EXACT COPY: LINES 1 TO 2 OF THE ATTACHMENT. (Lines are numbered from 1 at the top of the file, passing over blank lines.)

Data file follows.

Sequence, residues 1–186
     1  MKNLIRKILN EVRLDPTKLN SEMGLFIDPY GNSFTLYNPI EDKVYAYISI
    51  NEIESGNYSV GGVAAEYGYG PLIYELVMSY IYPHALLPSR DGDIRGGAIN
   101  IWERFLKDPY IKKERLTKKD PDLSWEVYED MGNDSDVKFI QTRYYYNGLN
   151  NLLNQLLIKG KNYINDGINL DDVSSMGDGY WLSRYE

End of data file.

Sequence, residues 1–186
     1  MKNLIRKILN EVRLDPTKLN SEMGLFIDPY GNSFTLYNPI EDKVYAYISI